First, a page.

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yellow flowers of celandine


The yellow flowers of celandine greet us from roadsides and woodland edges at this time of year. The flowers of this naturalized non-native plant aren’t the only part of it that’s yellow. Its bright yellow sap served early colonists as a dye and a wart remover, leading to tongue-twisting names such as “wartweed” and “wartwort.”

May 9, 2008, Page 13


By Annie Reid
Westborough Community Land Trust

Wildflower, weed, or invader?

Almost any colorful blossoms can cheer us at this time of year, including the bright yellow flowers of celandine that we see along roadsides, at woodland edges, and among garden weeds.

Is celandine (Chelidonium majus) a wildflower or a weed? It all depends on your perspective. Wildflowers are plants that grow and bloom on their own without help from humans. Weeds are plants that grow where you don’t want them.

Celandine is a coarse plant, with large, deeply divided leaves, and it often grows two feet tall. If you don’t want it in your yard, it’s a weed. But if you can enjoy its yellow flowers year when little else is blooming, you can appreciate it as a wildflower.

You can spot celandine during much of the year. It’s a biennial – a plant that lives for two years. Its leaves are some of the first vibrant green ones that we see in April, and they’re often still green in December, sometimes even under the snow. It blooms from early May into September. Some of us welcome it as a wildflower in the spring, pull it up during the summer, and marvel at its persistence when Thanksgiving comes.

We like to think of the wildflowers that we notice in Westborough as native plants, but celandine is not one of them. Instead, it’s a non-native plant that has made itself at home here. In other words, it has become “naturalized” in the wild – like one-third of the wild plants in Massachusetts today.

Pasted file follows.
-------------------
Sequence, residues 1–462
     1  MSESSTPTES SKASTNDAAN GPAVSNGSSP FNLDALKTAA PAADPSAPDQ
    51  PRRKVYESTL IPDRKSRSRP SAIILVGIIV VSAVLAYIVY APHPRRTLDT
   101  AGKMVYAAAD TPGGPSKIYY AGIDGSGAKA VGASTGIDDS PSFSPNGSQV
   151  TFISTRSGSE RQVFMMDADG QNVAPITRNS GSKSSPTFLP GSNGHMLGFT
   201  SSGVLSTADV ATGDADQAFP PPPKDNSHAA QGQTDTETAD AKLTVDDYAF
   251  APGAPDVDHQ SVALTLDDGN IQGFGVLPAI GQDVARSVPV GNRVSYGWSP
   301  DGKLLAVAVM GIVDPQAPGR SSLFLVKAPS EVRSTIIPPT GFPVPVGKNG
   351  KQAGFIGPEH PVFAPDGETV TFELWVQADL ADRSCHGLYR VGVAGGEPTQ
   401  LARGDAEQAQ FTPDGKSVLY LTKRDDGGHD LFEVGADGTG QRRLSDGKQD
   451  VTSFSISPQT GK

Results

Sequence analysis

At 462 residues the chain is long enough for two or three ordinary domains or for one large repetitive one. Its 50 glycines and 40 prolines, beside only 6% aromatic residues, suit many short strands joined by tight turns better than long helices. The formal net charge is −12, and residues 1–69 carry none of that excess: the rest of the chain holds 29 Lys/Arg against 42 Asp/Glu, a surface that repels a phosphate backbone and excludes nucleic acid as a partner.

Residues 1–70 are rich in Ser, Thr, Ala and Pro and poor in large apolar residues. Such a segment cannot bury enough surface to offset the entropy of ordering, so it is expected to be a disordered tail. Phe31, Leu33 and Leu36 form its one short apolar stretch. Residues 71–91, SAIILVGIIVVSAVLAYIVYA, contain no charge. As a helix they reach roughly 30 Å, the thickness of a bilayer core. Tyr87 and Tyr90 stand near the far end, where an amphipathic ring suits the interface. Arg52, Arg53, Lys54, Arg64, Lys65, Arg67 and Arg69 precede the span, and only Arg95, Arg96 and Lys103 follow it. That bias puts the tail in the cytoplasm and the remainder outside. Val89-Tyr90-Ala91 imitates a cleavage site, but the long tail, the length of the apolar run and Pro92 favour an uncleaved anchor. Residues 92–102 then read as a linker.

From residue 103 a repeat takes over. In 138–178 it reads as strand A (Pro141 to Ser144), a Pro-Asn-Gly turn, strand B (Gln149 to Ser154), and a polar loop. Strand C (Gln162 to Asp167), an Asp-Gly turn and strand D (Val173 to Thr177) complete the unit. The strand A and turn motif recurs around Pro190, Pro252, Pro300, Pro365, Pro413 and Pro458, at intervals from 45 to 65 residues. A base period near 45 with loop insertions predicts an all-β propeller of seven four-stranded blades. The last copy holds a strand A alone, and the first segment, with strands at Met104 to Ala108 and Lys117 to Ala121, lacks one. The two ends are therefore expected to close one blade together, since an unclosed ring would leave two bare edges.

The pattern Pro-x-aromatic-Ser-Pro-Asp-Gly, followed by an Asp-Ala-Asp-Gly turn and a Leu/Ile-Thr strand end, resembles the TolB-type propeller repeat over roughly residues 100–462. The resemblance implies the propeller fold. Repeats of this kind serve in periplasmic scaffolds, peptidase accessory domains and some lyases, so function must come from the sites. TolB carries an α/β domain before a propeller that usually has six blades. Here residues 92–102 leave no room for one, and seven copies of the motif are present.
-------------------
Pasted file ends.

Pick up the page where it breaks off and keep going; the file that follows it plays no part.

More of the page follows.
Like many other non-native plants, celandine came to this continent with the early European colonists. It arrived in Massachusetts even before Westborough was incorporated in 1717 as the state’s hundredth town, and the plant has been growing on its own in our landscape ever since.

The colonists who brought it here had good reasons to do so at the time. Celandine is native to Europe and Asia, and it had been important as a medicine for 2,000 years, going back to the ancient Greeks and Romans.

Colonists also used celandine as a yellow dye. If you tear a leaf or break a stem, you’ll see a bright yellow sap that oozes out. It can stain your skin, so you can see why people once used it as a dye.

The sap can also irritate your skin, so you might appreciate one of its traditional medicinal uses. The yellow sap was applied to warts to remove them, earning celandine such tongue-twisting names as “wartweed” and “wartwort.” (“Wort” is an early English word for “plant.”)

The yellow sap was also used on corns, ringworm, and eczema.

More surprising is the past use of sap from celandine to treat sore eyes and cloudy vision – not something recommended today. Gypsies in Europe reportedly put leaves of celandine in their shoes to soothe their feet

People also used celandine for jaundice and other liver problems because the yellow color of the sap suggested these uses, according to the old-time “doctrine of signatures.” This belief held that a plant’s appearance offered clues to ways of using it.